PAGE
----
The insureds also argued that the Limited Water Damage Endorsement did not apply to the cost of tearing out and replacing the plumbing system, so that their recovery should not be limited to $10,000.00. The trial court agreed with the insured and granted summary judgment. Again, the Third DCA disagreed with the trial court and held that the Limited Water Damage Endorsement “expressly provides that ‘[t]he total limit of liability for all damage to covered property provided by this endorsement is $10,000.00 per loss. This limit applies to all damaged covered property under Coverage A, B, and C combined,’ and ‘[t]his limit also includes the cost of tearing out and replacing any part or portion of the covered building…necessary to access or repair that part or portion of the system…from which the discharge occurred or caused the overflow.’”
In asking the court to find that the $10,000 limit did not apply to the tear out costs, the insureds relied on Security First Insurance Co. v. Vazquez, 336 So. 3d 350, 351 (Fla. 5th DCA 2022). However, the Third DCA pointed out that Security First Insurance Co. v. Vazquez is distinguishable from the present case because the Security First policy was actually ambiguous about whether or not tear out costs were subject to the $10,000 limit. The policy was ambiguous because tear out costs were not specifically referenced in the Security First Limited Water Damage Endorsement. In this case, the Limited Water Damage Endorsement specifically states that the limit applies to the cost of “tearing out and replacing” the plumbing system. The Third DCA instead cited to and applied the reasoning set forth by the Fourth DCA in Herrington v. Certain Underwriters at Lloyd's London 342 So. 3d 767, 770 (Fla. 4th DCA 2022) (“The policy language covers ‘loss caused by the water including the cost of tearing out’ parts of the structure to repair the system which leaked. ‘Tear out’ costs are thus part of the water damage loss. Therefore, the endorsement limiting all water damage loss includes tear out expenses.”).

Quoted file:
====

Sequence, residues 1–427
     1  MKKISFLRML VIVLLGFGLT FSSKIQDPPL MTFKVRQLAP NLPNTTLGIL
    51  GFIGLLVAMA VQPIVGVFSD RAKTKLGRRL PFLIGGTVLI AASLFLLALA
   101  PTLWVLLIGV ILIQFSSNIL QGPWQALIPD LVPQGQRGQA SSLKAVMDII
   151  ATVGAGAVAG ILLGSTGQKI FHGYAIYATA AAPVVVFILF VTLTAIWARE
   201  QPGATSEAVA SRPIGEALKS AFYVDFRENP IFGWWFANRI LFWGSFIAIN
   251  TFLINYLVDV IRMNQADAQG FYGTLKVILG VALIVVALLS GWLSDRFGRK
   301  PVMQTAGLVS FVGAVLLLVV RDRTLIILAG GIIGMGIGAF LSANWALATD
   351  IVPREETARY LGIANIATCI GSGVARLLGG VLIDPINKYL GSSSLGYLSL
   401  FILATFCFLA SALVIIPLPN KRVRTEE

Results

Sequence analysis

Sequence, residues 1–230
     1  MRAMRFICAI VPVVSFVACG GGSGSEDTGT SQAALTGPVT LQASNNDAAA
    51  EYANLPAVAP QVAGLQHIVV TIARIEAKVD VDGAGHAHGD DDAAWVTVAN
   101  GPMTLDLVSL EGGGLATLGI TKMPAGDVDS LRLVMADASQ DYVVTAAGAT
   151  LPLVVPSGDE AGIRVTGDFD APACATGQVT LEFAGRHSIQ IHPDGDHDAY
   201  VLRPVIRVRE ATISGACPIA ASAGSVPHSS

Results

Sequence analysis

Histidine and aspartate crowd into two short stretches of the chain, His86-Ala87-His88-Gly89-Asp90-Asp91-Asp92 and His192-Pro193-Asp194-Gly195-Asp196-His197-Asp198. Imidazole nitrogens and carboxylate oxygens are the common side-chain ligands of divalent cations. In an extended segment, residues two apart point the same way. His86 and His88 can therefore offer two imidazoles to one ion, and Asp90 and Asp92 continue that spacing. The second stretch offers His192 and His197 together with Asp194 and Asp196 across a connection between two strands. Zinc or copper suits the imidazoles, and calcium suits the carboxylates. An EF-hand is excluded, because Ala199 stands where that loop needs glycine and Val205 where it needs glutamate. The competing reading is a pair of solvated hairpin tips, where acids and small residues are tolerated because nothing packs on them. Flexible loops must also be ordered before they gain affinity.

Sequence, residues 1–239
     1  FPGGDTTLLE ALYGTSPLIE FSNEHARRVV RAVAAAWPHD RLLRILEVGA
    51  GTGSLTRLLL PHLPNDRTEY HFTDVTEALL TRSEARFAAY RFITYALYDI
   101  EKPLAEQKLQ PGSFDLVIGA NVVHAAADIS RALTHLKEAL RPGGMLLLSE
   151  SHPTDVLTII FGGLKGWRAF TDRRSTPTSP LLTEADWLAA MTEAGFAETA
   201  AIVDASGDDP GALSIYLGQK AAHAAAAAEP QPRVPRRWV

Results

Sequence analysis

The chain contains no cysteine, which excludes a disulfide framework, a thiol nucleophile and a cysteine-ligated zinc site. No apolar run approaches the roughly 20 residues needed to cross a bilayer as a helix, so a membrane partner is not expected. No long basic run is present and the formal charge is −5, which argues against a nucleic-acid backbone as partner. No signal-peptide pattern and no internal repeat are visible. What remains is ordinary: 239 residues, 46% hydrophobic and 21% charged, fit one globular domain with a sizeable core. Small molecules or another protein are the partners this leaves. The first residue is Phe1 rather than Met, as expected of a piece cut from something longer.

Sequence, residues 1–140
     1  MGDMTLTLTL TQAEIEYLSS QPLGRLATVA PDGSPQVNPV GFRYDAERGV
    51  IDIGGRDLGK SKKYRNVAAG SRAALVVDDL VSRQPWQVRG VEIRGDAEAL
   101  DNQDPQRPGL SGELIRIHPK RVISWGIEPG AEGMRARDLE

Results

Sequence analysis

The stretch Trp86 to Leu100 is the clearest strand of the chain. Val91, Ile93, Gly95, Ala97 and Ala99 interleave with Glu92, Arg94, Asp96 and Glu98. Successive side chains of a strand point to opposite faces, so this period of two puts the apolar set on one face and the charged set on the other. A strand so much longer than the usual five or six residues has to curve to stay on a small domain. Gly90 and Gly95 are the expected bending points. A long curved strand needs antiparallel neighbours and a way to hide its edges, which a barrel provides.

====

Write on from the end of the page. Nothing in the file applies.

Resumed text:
In short, the Third DCA made clear that it will not interpret policy provisions to lead to absurd results, so that, for example, differentiating between “acts of nature” and “natural processes” leads to coverage for damages explicitly excluded by the relevant policy. It also made clear that coverage limitations on an endorsement will be applied only to those items specifically listed. If “tear out” costs are listed in the Water Damage Limitation Endorsement, then they will be subject to the $10,000 limit, but if they are not specifically listed, then they will not be subject to the endorsement.
1 See Dodge v. People's Tr. Ins. Co., 321 So. 3d 831, 835 (Fla. 4th DCA 2021) (“Corrosion…is an act of nature or a naturally occurring force. Thus, the rust or corrosion occurred because of a natural act.”); Rosa v. Safepoint Ins. Co., 350 So. 3d 468, 471 (Fla. 5th DCA 2022) (“[T]he rust or other corrosion that occurred in the pipes in [the insured's] dwelling, regardless of whether it was perhaps preventable or controllable, was a naturally occurring force and thus an act of nature. As an act of nature, the loss came within the policy exclusion for ‘any act of nature.’”).